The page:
Jewish Entertainment
Actors, Playwrights, Comedians, Musicians

Marvin Hamlish

Marvin Frederick Hamlish was an American composer and conductor. He was one of only eleven EGOTs – those who have been awarded an Emmy, Grammy, Oscar, and Tony. He was also one of only two people to have won those four prizes and a Pulitzer Prize. Marvin Hamlish also won two Golden Globes.

Vital Statistics

(June 2, 2022 – August 6, 2021)

 Marvin Hamlisch - Potpourri of His Composed Songs


Early life

Marvin Hamlish was born in Manhattan to Viennese-born Jewish parents, Lilly (nιe Schachter) and Max Marvin Hamlish.[1] His father was an accordionist and bandleader. Marvin Hamlish was a child prodigy, and, by age five, Marvin Hamlish began mimicking the piano music Marvin Hamlish heard on the radio. A few months before Marvin Hamlish turned seven, in 1951, Marvin Hamlish was accepted into what is now the Juilliard School Pre-College Division.[2] His first job was as a rehearsal pianist for Funny Girl with Barbra Streisand. Shortly after that, Marvin Hamlish was hired by producer Sam Spiegel to play piano at Spiegel's parties. This connection led to his first film score, The Swimmer.[2] His favorite musicals growing up were My Fair Lady, Gypsy, West Side Story, and Bye Bye Birdie.[3]

Marvin Hamlish attended Queens College. He received his Bachelor of Arts degree in 1967.[2]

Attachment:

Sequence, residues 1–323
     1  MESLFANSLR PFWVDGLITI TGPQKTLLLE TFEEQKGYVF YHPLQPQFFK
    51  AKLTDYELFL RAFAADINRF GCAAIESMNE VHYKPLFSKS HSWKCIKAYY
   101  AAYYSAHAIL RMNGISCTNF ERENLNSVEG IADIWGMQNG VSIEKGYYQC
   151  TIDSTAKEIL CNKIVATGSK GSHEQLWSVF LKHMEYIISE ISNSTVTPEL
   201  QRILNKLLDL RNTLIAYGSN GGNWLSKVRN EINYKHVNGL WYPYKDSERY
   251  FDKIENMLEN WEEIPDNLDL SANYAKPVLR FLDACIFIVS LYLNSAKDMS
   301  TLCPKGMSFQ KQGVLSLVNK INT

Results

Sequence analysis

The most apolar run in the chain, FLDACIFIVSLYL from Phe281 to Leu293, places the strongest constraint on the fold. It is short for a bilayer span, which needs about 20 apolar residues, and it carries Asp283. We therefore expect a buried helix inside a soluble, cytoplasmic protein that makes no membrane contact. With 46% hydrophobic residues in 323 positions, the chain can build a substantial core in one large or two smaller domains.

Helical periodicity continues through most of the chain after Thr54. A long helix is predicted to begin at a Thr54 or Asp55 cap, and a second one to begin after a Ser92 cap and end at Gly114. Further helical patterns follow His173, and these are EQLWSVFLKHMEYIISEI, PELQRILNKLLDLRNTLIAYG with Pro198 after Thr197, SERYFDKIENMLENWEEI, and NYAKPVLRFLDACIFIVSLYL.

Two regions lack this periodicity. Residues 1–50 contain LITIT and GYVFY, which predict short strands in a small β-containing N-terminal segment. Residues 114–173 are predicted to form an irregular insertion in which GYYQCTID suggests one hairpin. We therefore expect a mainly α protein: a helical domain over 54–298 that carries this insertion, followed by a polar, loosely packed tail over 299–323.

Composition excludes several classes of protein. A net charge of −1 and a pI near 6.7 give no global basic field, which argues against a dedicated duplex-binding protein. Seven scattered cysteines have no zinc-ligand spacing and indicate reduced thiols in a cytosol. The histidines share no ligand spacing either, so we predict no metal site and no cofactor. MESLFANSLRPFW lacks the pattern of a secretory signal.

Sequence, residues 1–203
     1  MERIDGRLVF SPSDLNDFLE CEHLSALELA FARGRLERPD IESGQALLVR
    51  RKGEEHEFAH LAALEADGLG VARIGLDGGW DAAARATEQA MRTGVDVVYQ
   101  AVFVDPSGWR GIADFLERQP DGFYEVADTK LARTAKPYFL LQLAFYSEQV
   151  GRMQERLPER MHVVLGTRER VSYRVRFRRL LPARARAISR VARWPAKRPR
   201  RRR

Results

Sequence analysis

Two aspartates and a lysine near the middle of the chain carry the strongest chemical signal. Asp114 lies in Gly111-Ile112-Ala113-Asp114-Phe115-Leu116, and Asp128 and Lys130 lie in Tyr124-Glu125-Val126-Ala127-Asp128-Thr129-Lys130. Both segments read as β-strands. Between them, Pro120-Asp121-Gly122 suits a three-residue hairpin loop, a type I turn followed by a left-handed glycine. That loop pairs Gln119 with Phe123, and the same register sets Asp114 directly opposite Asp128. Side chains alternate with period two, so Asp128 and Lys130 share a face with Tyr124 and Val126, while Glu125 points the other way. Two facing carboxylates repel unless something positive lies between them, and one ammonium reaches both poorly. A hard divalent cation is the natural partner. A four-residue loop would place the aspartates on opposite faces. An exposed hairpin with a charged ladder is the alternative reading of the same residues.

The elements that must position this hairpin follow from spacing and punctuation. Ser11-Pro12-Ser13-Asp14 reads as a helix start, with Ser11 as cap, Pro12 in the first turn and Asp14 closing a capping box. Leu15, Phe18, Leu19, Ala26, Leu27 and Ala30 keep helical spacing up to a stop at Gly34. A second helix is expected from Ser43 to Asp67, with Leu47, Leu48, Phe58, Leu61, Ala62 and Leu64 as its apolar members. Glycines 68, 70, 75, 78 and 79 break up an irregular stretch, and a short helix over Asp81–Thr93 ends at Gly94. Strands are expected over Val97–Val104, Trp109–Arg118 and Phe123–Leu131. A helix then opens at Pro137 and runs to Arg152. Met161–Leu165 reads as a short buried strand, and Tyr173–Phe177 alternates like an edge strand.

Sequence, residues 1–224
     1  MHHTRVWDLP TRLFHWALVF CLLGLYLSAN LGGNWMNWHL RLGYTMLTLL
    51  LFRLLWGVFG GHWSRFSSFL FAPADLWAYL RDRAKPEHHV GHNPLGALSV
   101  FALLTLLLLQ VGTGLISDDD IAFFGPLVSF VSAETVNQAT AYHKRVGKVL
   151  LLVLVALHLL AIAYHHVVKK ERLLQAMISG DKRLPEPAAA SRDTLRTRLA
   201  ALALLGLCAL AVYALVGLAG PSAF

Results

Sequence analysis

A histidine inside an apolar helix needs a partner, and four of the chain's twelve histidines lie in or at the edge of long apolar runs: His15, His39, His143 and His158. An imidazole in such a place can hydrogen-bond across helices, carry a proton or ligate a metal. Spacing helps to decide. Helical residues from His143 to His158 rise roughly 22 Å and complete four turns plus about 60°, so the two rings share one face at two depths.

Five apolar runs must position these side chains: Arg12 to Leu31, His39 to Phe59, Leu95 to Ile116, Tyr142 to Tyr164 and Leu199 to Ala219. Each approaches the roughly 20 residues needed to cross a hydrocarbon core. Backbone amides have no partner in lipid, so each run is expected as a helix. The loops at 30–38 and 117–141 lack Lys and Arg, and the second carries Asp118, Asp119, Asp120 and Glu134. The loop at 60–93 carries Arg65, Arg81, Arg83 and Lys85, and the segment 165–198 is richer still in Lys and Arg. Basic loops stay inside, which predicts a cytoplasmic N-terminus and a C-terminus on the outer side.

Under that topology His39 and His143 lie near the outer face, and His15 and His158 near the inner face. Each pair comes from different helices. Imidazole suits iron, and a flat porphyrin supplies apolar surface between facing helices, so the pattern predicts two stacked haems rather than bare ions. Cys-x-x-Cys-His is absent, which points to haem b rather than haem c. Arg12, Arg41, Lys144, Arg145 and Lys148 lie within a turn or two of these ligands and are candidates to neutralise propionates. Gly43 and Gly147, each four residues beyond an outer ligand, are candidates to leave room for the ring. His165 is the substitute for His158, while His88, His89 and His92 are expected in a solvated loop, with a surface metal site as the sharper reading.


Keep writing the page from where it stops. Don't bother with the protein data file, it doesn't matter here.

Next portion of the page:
Film and composer

Although Liza Minnelli's debut album included a song Marvin Hamlish wrote in his teens, his first hit did not come until Marvin Hamlish was 21 years old. This song, "Sunshine, Lollipops, and Rainbows", co-written with Howard Liebling, was recorded by Lesley Gore and reached number 13 on the Billboard Hot 100 in the summer of 1965.[4] His first film score was for The Swimmer, after the film's producer Sam Spiegel hired Marvin Hamlish based on a piano performance Marvin Hamlish did at a party.[4] Later Marvin Hamlish wrote music for several early Woody Allen films such as Take the Money and Run and Bananas. In addition, Marvin Hamlish co-wrote the song "California Nights" (also with Liebling), which was recorded by Lesley Gore for her 1967 hit album of the same name. The Bob Crewe-produced single peaked at number 16 on the Hot 100 in March 1967, two months after Gore had performed the song on the Batman TV series, in which she guest-starred as an accomplice to Julie Newmar's Catwoman.